Tag Archives: Rock Hill Farms

Rock Hill Farms

Rock Hill Farms Single Barrel Bourbon
50% ABV
$45 to $65
What the Distillery Says:
Named for the rich farmland along the Kentucky River, this 100 proof Single Barrel Bourbon Whiskey honors its Bluegrass roots, defined by rich tradition and smooth bourbon.

Tasting Notes:
Seductive aromatic notes of toasted walnut, dried red fruits, spice, cocoa and marshmallow. Flavors of dark chocolate, chocolate covered almond, coffee, tobacco and dark caramel. The finish is smooth, silky, toffee sweet and honeyed.

What Gary Says:
Nose: Stepping into a rickhouse in the fall, musty oak, bits of corn and cinnamon, with a hint of licorice.
Palate: Wow . . . (my exact thought was Austin Powers “yeah baby yeah!”) Silky sweet, caramel corn balanced very nicely with spice.
Finish: Moderately lingering, pleasant.
Comments: I first tried Rock Hill Farms at a restaurant, and was quite underwhelmed – so I was expecting the same. This completely changed my opinion. Very well balanced; the bit of corn on the nose gave me pause that it might be young, but the palate was something else. Being a single barrel, there is always a risk of variability there, but I’m definitely reconsidering picking up a bottle in the future (and not only because the bottle is pretty freaking cool as well).
Rating: Must Try

What Richard Says:
Nose: Cocoa powder, hair spray, cinnamon, dried cherries, raisin’s pulled of a box of raisin bran.
Palate: Burnt caramel, more cherries, dark chocolate truffles, toffee crisps covered in white chocolate ganache.
Finish: Dry cocoa powder and bits of honeysuckle.
Comments: I realize there is only so much time to review whiskey since this isn’t a paying gig but I can’t fathom why it has taken me so long to review this. The brand is about 20 years old but as with many Sazerac brands it has been in short supply lately. I grabbed this bottle on a lark when I saw a couple tucked away at a local retailer last fall. It was $65 in Atlanta but you can get it as low as $45 if you know where to look. This is made from the #2 rye bourbon mashbill at Buffalo Trace. That’s the same one used in Elmer T Lee, Blanton’s and Hancock Reserve. This is ridiculously drinkable. I pulled it out a few days ago with the guys in the neighborhood who had never tried and we almost killed the bottle. All that was left was enough for my formal review and a sample for Gary. If I see it again I will grab another for sure. At $45 it’s a must buy but in the $60+ range it’s something you should certainly at least try.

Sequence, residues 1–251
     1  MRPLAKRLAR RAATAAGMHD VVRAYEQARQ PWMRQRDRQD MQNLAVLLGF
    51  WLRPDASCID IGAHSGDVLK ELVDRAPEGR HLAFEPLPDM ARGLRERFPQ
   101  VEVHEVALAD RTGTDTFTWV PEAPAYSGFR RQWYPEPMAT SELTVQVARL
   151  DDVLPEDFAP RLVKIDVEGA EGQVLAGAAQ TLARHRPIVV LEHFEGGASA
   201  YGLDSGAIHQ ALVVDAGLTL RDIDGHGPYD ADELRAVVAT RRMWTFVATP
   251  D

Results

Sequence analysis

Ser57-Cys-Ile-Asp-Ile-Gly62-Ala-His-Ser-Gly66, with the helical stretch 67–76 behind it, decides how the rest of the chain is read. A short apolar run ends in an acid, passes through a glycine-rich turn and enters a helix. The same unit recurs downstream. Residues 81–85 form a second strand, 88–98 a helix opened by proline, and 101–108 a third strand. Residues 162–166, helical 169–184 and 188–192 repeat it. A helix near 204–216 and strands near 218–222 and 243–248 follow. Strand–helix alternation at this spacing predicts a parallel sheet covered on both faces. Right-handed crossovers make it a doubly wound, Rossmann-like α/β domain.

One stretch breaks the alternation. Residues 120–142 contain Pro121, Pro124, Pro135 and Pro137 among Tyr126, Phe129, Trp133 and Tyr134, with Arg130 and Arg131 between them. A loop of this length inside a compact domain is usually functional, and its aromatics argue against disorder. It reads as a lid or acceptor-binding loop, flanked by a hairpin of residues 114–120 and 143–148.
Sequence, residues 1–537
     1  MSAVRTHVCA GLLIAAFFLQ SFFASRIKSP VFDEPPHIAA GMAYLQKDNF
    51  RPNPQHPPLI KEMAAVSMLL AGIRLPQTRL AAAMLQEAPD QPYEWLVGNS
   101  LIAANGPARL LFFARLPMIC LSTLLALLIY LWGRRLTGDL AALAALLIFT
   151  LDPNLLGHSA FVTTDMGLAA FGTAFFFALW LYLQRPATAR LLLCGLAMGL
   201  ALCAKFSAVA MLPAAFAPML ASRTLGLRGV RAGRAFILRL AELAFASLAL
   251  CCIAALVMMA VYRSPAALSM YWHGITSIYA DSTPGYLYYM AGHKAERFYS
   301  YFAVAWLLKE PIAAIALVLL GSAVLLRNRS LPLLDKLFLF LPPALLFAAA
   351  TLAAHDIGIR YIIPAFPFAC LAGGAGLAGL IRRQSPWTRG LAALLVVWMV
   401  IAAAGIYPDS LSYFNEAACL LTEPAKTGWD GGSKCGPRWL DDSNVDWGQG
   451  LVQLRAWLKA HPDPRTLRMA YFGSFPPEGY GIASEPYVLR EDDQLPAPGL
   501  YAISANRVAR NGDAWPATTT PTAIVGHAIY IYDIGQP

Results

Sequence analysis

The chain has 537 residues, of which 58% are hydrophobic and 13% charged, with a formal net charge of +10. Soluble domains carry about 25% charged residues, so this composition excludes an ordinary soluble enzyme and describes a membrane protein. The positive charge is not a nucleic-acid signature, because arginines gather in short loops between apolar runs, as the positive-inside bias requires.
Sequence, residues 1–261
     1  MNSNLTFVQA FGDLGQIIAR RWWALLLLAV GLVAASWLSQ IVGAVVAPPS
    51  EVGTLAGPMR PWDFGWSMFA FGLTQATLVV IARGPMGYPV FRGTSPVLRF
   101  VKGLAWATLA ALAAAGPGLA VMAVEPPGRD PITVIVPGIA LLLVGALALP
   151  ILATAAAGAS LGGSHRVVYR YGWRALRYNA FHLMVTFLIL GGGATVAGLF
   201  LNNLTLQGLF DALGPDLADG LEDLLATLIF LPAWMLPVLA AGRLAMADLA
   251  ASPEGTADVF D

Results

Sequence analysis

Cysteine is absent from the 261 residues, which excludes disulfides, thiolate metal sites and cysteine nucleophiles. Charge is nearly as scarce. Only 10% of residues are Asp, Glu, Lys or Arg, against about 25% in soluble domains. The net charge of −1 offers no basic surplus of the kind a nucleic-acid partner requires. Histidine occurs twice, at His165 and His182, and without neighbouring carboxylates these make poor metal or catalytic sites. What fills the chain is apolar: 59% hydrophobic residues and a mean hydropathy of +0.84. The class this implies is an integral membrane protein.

Rating: Must Buy/Must Try

A Night With Char no.4

Among my circle of friends, it is clearly no secret that I love whiskey. So, it was not all that surprising when four separate people (all within the span of a week) told me that I needed to try out this new place in Brooklyn. The place is called Char no.4, a reference to the level of char that is burned into a bourbon cask imparting that smokiness for which bourbon is famous. The name sounded promising, but it was the lure of the extensive whiskey list that drew me to the far reaches of Brooklyn.

I’m quite familiar with the whiskey joints in the city (St. Andrews, Brandy Library, etc.). However, they primarily focus on Scotch. The real appeal of Char no.4 is the bourbon and other American whiskeys on the list. They also have a larger selection of Japanese and Irish whiskeys than is typical. Their single malt and blended Scotch selection is good, but pales in comparison to the more Scotch focused places (and is overpriced to boot).

I tried four bourbons, while I munched on a tasty beet salad and fried pork nuggets. I ordered four 1 oz. tasters. I sampled the Rock Hill Farms Single Barrel (Buffalo Trace), the Wathen’s Single Barrel (Charles Medley Distillery), Noah’s Mill (Kentucky Bourbon Distillers), and Prichard’s Double Barrel Bourbon (Prichard’s Distillery, Tennessee). Since my bill said Blanton’s instead of Wathen’s and I haven’t had the Blanton’s in a donkey’s age, I can’t say for sure that what I tasted was the Wathen’s (I guess I’ll have to go back). I enjoyed all four whiskeys. The real surprise for me was the Prichard’s.

Prichard’s Double Barrel Bourbon is aged twice in new, white oak barrels. This gives it a unique character that is a little woodier and a little smokier than traditional bourbon while remaining extremely drinkable. It is produced limited runs, so it costs a little more that it should, but that is the cost of exclusivity.

So, if you find yourself in Brooklyn, check out the bourbon list at Char no.4. One caveat though. Come prepared and do your research. A small portion of the drinks are grossly over-priced. Some of the pricing is done by rarity (to the NY market), some by novelty. In my opinion, it is criminal to charge $26 for a 2oz serving of whiskey that retails at $35. And if you are willing to pay $8 for a 2oz serving of Rebel Yell, you get what you deserve.